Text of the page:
10 Aug, 2023: Scientists at Stanford University have developed a biomolecule that targets and eliminates mucins exclusively within cancer cells. This finding holds great promise for potential cancer treatments in the future.

Mucins are protein molecules covered in sugar molecules, serving as a main line of defence against physical harm and dangerous microorganisms in the body. However, cancer cells can hijack these mucins to support their own survival. Removing mucins from cancer cells presents a potential treatment strategy, yet this approach must be carefully considered since mucins come in different types across all mammalian cells. Indiscriminate mucin targeting might lead to unexpected consequences.

The Stanford-led research team has developed a solution that involves creating an enzyme-based tool akin to scissors. This tool consists of a protein-cutting enzyme called mucinase, which is capable of precisely cutting mucins, along with a cancer-cell-targeting nanobody, a fragment of an antibody. By combining these two components, they have created a biomolecule that can specifically target and trim mucins connected to particular cancer cells.

This approach has been tested on lab-grown human cancer cells and in mouse models mimicking human breast and lung cancer. The results, published in Nature Biotechnology, demonstrate that this biomolecule treatment considerably decreased tumour growth and enhanced overall survival. This discovery has wide-ranging potential since mucins are linked to various diseases such as cystic fibrosis, respiratory disorders, and other complications.

This research examined two roles of mucins linked to advancing cancer development. The initial function assists cells in surviving within free-floating "low-adhesion" environments.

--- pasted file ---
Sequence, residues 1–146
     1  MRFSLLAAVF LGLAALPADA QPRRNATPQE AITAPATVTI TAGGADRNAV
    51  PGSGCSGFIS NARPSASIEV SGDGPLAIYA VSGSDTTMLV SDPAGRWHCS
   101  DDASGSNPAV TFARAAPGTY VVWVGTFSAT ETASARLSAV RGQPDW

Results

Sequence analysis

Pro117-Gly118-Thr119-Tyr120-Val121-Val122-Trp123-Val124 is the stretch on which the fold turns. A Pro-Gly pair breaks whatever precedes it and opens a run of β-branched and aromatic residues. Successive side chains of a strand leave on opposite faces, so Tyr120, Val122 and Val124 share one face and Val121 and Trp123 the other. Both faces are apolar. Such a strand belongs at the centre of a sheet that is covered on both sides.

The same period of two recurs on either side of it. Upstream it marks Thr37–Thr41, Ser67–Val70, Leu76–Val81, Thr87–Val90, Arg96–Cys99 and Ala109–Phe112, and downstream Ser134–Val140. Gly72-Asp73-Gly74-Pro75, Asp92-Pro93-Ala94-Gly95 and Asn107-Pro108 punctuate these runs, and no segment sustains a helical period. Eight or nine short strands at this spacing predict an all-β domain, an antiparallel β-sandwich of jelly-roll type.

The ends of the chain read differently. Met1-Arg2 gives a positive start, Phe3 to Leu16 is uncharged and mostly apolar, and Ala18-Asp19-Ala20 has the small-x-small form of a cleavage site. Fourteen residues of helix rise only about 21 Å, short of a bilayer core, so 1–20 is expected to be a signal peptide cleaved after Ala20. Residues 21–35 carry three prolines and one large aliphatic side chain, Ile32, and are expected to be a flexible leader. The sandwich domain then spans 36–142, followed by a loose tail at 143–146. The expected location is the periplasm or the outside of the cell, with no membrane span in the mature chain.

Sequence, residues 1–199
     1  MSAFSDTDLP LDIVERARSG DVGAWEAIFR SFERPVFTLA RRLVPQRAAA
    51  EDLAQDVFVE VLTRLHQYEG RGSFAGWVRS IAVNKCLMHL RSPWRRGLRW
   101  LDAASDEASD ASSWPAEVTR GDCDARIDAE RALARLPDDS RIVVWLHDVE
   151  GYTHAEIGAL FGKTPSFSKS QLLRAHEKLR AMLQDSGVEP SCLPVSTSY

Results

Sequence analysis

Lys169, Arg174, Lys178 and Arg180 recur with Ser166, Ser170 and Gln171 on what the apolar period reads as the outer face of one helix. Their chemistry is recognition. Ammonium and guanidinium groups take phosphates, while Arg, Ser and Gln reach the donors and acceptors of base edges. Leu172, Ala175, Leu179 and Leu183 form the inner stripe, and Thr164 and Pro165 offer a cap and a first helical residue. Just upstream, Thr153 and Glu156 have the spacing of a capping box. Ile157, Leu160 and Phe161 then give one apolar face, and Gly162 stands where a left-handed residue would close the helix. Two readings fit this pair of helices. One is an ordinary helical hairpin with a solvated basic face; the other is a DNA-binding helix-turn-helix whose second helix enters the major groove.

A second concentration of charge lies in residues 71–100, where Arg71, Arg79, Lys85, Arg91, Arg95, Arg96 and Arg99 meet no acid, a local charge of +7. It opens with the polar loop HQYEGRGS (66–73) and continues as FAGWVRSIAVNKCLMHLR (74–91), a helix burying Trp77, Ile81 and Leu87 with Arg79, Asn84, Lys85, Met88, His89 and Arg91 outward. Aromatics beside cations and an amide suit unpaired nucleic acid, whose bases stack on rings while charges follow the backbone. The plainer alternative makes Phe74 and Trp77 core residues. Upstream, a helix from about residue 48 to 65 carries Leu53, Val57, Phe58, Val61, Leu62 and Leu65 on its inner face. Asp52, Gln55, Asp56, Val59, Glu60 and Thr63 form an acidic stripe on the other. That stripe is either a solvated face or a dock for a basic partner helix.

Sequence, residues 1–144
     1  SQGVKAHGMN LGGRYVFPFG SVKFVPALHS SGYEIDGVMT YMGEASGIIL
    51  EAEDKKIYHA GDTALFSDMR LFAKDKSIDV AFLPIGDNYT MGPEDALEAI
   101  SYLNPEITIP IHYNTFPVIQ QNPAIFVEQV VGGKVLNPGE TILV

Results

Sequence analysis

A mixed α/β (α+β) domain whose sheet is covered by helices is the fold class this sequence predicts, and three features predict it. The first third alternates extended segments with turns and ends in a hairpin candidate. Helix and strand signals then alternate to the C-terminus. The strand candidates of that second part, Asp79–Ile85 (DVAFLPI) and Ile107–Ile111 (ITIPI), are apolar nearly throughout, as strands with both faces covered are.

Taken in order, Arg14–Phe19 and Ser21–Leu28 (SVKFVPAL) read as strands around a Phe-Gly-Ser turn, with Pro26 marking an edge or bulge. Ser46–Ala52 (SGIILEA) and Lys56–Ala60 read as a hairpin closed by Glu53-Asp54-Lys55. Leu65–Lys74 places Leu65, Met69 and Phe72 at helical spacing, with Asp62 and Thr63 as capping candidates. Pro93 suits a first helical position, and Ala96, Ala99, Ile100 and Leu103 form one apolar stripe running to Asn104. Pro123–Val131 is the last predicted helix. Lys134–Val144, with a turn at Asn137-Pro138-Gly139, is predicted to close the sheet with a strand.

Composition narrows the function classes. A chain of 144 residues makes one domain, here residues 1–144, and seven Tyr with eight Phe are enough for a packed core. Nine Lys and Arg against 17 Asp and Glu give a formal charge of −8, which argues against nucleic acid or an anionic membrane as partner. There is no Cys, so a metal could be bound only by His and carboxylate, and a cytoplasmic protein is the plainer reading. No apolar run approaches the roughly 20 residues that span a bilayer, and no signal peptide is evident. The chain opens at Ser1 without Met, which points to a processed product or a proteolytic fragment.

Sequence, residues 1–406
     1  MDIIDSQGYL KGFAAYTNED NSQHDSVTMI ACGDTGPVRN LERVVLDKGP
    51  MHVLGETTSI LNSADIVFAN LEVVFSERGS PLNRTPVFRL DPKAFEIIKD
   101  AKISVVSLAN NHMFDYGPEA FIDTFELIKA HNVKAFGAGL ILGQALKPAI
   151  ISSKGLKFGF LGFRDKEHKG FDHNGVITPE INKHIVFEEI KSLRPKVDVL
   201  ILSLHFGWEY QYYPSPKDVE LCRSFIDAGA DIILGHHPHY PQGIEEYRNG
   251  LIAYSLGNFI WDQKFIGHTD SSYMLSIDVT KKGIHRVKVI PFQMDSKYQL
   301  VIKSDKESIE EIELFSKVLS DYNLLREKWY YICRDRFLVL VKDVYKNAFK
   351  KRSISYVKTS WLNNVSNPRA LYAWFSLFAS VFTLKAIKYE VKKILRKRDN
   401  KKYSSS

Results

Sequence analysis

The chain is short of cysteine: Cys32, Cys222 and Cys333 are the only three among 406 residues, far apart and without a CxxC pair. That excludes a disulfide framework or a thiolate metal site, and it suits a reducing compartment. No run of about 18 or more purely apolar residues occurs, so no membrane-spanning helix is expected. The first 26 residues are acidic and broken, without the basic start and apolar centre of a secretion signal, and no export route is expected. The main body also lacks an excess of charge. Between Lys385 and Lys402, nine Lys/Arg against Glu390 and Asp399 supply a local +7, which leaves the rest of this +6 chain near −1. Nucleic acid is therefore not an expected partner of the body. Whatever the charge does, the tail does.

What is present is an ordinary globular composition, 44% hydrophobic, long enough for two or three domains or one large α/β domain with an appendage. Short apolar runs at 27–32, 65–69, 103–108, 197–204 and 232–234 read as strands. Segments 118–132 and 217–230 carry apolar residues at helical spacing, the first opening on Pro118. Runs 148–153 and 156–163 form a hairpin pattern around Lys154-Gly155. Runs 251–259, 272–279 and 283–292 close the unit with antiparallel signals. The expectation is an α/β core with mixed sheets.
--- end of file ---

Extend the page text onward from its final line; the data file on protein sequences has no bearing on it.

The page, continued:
The secondary role is to attach to checkpoint receptors, which act like immune system sentinels responsible for examining body cells. A few cancer cells enhance their cell exteriors with mucins covered in distinct sugars that strongly adhere to these receptors. When these sugary mucins connect with checkpoint receptors, they signal that the cancer cell isn't dangerous, preventing the immune system's reaction. As a result, immune cells end up disregarding cancer instead of eliminating it, as they are supposed to do.

Looking ahead, the study's implications for the development of new cancer therapies are promising, although there's still work to be done before implementation in humans. One key future step involves the exploration of creating a targeted mucinase using a protease derived from human sources. This is crucial due to concerns about potential immune responses associated with the non-human-derived enzyme utilised in this study.

In the realm of cancer research, the dawn of bioengineered enzyme-scissors marks a monumental stride towards unveiling previously uncharted avenues for combating cancer resistance. As scientists continue to refine and expand upon these discoveries, the prospect of personalised therapies that circumvent resistance mechanisms emerges as a beacon of hope in the ongoing battle against cancer.